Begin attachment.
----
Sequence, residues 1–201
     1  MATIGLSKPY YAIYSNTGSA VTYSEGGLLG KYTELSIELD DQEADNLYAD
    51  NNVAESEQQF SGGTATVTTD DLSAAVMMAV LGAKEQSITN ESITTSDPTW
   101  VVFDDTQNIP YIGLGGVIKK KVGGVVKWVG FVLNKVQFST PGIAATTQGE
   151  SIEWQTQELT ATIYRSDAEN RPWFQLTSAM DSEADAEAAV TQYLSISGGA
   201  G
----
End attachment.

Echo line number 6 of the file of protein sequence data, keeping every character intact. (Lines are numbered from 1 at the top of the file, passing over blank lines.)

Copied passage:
   201  G